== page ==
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C-J's Eric Crawford: Inside sportswriting: The view from press row

Discussion in 'Journalism topics only' started by Central-KY-Kid, Feb 8, 2011.

  1. http://blogs.courier-journal.com/ericcrawford/2011/02/07/inside-sportswriting-the-view-from-press-row/

    Pretty sure this was a blog and didn't appear in print, but still good stuff IMO.

    Posted a video from his seat's view during the final seconds of Kentucky's loss at Florida on Saturday night in an attempt to show readers that scribes don't always have the posh views/seats they think we do.

    Apologies if this was a d_b and posted yesterday.
     
  2. TheSportsPredictor

    TheSportsPredictor Well-Known Member

    If he can't see the final 12 seconds of the game, he should stand up.
     
  3. mediaguy

    mediaguy Active Member

    I have no problem with the occasional behind-the-scenes post like this, especially in a more casual, conversational forum like a blog. It's probably like sausage-making for some readers, but I think there's definitely an audience for it -- the video is smart, too.
     
  4. Dick Whitman

    Dick Whitman Well-Known Member

    I get what he's saying, but of all the things I've ever thought to complain about re: the gig, my seats at college basketball games are last on the list. You can hear the guys breathe, for god's sake. I have difficulty going to basketball games as a fan and sitting anywhere but courtside.
     
  5. JBHawkEye

    JBHawkEye Active Member

    I cover two Division I teams, a major-conference school and a small-conference school.

    At the small-conference school, I get to sit courtside, closest to the visiting team's bench. At the major-conference school, the press area is 15 rows up behind the home team bench, and it's a great vantage point. Even when the fans stand up, I can still see everything on the court.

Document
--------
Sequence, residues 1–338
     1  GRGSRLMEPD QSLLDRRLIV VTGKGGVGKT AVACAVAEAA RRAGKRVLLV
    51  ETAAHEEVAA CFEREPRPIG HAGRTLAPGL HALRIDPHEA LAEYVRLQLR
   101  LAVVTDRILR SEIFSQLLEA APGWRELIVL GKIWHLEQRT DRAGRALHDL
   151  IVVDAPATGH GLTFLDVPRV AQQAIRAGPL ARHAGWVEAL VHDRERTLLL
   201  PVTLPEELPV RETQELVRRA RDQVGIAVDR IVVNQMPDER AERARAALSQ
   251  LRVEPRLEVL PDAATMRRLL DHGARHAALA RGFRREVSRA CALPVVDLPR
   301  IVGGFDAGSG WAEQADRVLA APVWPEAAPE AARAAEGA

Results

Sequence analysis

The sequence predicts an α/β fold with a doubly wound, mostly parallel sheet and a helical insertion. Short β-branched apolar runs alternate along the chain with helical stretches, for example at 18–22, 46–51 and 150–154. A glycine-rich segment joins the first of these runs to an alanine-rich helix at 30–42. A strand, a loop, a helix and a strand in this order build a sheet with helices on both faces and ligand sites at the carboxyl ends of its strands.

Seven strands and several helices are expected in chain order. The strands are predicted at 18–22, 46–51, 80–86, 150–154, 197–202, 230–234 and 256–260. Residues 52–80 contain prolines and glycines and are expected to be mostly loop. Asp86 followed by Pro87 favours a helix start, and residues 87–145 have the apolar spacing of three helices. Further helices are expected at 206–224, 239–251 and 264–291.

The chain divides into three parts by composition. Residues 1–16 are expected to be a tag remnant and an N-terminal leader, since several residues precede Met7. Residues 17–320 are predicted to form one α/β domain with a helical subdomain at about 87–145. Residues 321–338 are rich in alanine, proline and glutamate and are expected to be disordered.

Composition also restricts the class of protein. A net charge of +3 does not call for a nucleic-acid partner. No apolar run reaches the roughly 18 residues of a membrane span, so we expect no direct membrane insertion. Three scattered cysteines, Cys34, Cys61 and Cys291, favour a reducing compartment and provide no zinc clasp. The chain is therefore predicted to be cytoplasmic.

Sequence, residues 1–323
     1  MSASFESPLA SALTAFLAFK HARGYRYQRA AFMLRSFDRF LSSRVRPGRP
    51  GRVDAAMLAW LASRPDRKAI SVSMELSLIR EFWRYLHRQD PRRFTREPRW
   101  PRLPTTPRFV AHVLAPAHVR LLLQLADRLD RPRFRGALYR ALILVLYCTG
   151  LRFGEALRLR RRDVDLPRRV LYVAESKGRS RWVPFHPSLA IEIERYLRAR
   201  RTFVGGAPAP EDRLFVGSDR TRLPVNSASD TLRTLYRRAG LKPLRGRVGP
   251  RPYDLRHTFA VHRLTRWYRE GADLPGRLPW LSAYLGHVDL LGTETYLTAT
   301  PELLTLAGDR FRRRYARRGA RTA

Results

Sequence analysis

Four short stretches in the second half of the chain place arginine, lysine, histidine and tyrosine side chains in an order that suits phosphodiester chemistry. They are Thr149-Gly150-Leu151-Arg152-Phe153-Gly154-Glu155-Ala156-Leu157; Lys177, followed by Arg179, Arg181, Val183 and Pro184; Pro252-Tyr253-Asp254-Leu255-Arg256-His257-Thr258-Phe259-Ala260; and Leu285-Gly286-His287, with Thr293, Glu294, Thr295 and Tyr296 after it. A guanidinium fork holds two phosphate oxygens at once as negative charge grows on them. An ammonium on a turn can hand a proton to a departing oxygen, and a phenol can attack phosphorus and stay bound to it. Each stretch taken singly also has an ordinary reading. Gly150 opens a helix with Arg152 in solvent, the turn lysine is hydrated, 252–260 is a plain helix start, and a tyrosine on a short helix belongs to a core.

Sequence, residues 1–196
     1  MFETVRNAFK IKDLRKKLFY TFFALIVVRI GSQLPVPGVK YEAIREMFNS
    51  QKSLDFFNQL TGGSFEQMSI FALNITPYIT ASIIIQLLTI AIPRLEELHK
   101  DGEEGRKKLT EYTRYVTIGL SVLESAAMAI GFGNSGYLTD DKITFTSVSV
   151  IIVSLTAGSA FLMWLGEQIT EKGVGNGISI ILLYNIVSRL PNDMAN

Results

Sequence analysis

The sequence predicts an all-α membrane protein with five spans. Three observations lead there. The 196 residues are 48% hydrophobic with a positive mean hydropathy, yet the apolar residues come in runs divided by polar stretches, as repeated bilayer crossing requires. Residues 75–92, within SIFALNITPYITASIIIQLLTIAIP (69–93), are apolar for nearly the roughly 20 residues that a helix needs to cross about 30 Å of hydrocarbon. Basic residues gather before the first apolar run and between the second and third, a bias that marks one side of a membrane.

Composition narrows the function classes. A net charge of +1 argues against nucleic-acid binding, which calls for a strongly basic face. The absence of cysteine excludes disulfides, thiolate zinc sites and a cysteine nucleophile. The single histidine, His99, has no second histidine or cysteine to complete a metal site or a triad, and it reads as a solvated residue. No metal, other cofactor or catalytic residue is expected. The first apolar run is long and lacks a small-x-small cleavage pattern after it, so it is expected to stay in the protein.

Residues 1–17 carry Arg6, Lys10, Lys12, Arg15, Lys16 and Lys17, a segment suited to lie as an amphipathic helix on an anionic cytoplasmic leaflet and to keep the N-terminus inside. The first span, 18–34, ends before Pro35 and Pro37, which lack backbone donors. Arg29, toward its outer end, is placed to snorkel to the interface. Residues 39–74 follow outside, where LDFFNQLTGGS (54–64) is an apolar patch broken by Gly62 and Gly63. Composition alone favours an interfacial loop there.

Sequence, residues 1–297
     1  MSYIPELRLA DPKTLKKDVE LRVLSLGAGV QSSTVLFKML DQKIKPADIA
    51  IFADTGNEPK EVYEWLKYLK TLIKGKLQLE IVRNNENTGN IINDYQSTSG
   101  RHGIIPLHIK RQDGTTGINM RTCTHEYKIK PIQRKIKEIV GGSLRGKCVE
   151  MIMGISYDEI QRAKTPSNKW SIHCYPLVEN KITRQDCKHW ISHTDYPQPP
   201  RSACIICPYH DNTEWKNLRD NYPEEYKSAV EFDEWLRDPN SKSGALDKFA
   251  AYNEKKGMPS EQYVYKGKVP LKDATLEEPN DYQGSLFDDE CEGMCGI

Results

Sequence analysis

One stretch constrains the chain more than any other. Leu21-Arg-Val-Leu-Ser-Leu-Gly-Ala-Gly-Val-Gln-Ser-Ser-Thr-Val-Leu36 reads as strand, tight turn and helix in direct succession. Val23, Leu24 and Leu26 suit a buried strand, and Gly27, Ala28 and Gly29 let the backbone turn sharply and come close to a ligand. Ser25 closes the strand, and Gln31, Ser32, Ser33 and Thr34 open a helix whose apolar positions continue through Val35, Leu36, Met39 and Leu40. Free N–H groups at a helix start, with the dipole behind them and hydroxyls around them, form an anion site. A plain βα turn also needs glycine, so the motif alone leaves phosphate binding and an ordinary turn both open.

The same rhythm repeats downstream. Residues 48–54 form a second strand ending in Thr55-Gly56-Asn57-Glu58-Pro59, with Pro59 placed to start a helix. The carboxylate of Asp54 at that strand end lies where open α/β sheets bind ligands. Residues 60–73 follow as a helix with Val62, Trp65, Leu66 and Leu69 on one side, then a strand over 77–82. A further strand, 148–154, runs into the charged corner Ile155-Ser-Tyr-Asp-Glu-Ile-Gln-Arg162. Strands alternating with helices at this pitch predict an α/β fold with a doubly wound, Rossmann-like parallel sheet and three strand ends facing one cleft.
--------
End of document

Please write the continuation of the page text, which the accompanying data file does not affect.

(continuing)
I like both, because in both cases I get to see the game. Being close to the floor is great — you get to hear a lot of things. But I want to be able to see what I'm there to cover. Just getting to hear IPFW coach Dane Fife piss and moan to the officials for 40 minutes or Oakland coach Greg Kampe's extensive use of the f-word (like I did last week) is entertaining, but it doesn't help me do my job.
     
  6. zebracoy

    zebracoy Guest

    I'm surprised there haven't been more people with pitchforks and torches commenting on the thing. He tried to explain everything - I'm not complaining, it's acceptable to have the cheerleaders there, etc. - but I still thought there'd be an angry mob ready to take him to task.

    I know of a few schools in the conference I cover where the seating is like this, too. I would say I don't understand why those who decide such things make such decisions, but I do - they don't care where we sit or how well we can see, not with TV and their own poorly-written, buried-lead stuff on their website.
     
  7. Sly

    Sly Active Member

    If that cheerleader's ass was my view from press row, I probably wouldn't be able to stand up either. #ifyouknowwhatImean #jussayin
     
  8. Ace

    Ace Well-Known Member

    It did look like he worked out.
     
  9. zebracoy

    zebracoy Guest

    He did. And watched an overhead monitor. He stated that fairly clearly in the blog entry.
     
  10. Ace

    Ace Well-Known Member

    You're not expecting us to have to read the crap we feel like criticizing now are you?
     
  11. I cover UF football and basketball and he definitely makes some valid points. I had a much better vantage point when I was in the student seats and sat (stood) around mid-court on the first or second row.

    I'm not sure I find it quite as difficult to keep up with the game from press row as he seems to, but there are definitely some angles that give you a better view from the stands. Still, I try to give my readers the kind of stuff that they can't get from watching on TV or from a few rows up. Stuff like the sounds and what the players and coaches are saying to each other.
     
  12. Ace

    Ace Well-Known Member

    There is very little that isn't worth blogging about.
     
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